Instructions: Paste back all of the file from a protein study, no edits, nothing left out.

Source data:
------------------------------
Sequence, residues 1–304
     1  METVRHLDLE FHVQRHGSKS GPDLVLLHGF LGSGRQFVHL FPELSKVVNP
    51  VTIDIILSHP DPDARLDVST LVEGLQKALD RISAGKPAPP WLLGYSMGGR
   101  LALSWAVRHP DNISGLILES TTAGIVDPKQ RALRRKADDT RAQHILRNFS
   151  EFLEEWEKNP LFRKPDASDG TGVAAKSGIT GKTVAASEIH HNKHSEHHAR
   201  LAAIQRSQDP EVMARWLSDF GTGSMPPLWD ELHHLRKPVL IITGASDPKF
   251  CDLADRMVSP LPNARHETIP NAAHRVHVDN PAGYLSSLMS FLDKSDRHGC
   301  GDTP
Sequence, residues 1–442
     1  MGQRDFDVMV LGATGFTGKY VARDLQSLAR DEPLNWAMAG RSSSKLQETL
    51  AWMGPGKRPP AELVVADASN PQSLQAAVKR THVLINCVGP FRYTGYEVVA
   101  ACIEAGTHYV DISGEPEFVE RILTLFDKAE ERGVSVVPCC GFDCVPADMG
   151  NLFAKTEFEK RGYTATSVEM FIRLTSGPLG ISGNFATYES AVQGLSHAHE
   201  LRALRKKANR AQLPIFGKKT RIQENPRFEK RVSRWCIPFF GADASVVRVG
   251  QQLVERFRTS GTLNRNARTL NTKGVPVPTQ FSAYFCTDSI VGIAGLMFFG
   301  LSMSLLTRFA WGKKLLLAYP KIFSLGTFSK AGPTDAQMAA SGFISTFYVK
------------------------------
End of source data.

Sequence, residues 1–304
     1  METVRHLDLE FHVQRHGSKS GPDLVLLHGF LGSGRQFVHL FPELSKVVNP
    51  VTIDIILSHP DPDARLDVST LVEGLQKALD RISAGKPAPP WLLGYSMGGR
   101  LALSWAVRHP DNISGLILES TTAGIVDPKQ RALRRKADDT RAQHILRNFS
   151  EFLEEWEKNP LFRKPDASDG TGVAAKSGIT GKTVAASEIH HNKHSEHHAR
   201  LAAIQRSQDP EVMARWLSDF GTGSMPPLWD ELHHLRKPVL IITGASDPKF
   251  CDLADRMVSP LPNARHETIP NAAHRVHVDN PAGYLSSLMS FLDKSDRHGC
   301  GDTP
Sequence, residues 1–442
     1  MGQRDFDVMV LGATGFTGKY VARDLQSLAR DEPLNWAMAG RSSSKLQETL
    51  AWMGPGKRPP AELVVADASN PQSLQAAVKR THVLINCVGP FRYTGYEVVA
   101  ACIEAGTHYV DISGEPEFVE RILTLFDKAE ERGVSVVPCC GFDCVPADMG
   151  NLFAKTEFEK RGYTATSVEM FIRLTSGPLG ISGNFATYES AVQGLSHAHE
   201  LRALRKKANR AQLPIFGKKT RIQENPRFEK RVSRWCIPFF GADASVVRVG
   251  QQLVERFRTS GTLNRNARTL NTKGVPVPTQ FSAYFCTDSI VGIAGLMFFG
   301  LSMSLLTRFA WGKKLLLAYP KIFSLGTFSK AGPTDAQMAA SGFISTFYVK